South Sudan

South Sudan War: Museveni Travels to Ethiopia


buy more about geneva; font-size: small; line-height: 150%;”>Museveni was seen off at Entebbe International Airport by senior security officials after a heavy downpour.

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President Salva Kiir and his former deputy turned rival, Dr. Riek Machar, signed an immediate Cessation of Hostilities agreement on May 9 but deadly clashes are continuing between SPLA and the rebels.

The duo is expected to reach a final peace agreement today after holding talks.

Last weekend, a symposium of civil society; traditional, political and religious leaders, concluded with the recognition of collective desire for sustainable peace to prevent further human suffering in South Sudan.

In Ethiopia today, the Council of Ministers debated and came out with resolutions to be forwarded to Heads of State who shall take final decisions on South Sudan crisis.

Among the contentious items to be discussed by IGAD leaders include the formation of “an inclusive” and “transitional” government which shall organize free and fair elections in 2015.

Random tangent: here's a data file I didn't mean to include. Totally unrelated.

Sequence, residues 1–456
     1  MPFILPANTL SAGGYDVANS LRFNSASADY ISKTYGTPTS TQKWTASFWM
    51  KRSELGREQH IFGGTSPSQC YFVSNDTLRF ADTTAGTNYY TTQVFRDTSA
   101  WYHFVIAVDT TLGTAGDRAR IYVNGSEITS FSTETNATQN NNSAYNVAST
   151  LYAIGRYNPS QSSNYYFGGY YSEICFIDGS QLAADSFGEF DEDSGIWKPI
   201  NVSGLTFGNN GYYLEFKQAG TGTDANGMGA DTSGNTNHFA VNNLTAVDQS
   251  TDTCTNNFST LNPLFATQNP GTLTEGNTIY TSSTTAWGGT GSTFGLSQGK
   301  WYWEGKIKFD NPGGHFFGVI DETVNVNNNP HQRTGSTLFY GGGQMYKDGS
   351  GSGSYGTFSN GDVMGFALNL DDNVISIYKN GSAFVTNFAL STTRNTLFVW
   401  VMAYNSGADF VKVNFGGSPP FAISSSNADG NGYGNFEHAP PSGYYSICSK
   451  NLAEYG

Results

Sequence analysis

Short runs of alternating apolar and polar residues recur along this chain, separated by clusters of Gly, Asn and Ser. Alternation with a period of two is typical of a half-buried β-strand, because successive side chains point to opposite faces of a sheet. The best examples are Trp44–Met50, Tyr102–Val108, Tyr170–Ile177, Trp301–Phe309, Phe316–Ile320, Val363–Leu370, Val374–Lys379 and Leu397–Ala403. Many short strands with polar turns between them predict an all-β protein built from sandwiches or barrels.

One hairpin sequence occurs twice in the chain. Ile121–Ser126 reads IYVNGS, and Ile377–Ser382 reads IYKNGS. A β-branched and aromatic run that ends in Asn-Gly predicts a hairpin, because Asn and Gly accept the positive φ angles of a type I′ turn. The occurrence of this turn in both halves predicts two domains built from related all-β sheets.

Mediators are considering forming a Federal System among the 10 states of South Sudan.

President Kiir recently affirmed that the new government will comprise several stakeholders not just Riek Machar’s loyalists.

He also announced the postponement of the presidential elections to “two or three years” pending a national reconciliation process to heal the wounds arising from the brutal war.

The fighting that started in the world’s youngest nation in December last year has claimed thousands of lives, displaced 1.3 million people and forced 360,000 to neighbouring countries, according to United Nation agencies.

During today’s meeting, leaders will also discuss the deployment of troops in South Sudan under IGAD.

Kenya, Rwanda and Ethiopia are expected to deploy troops in the war-torn country to maintain a buffer zone between government forces and the rebels.


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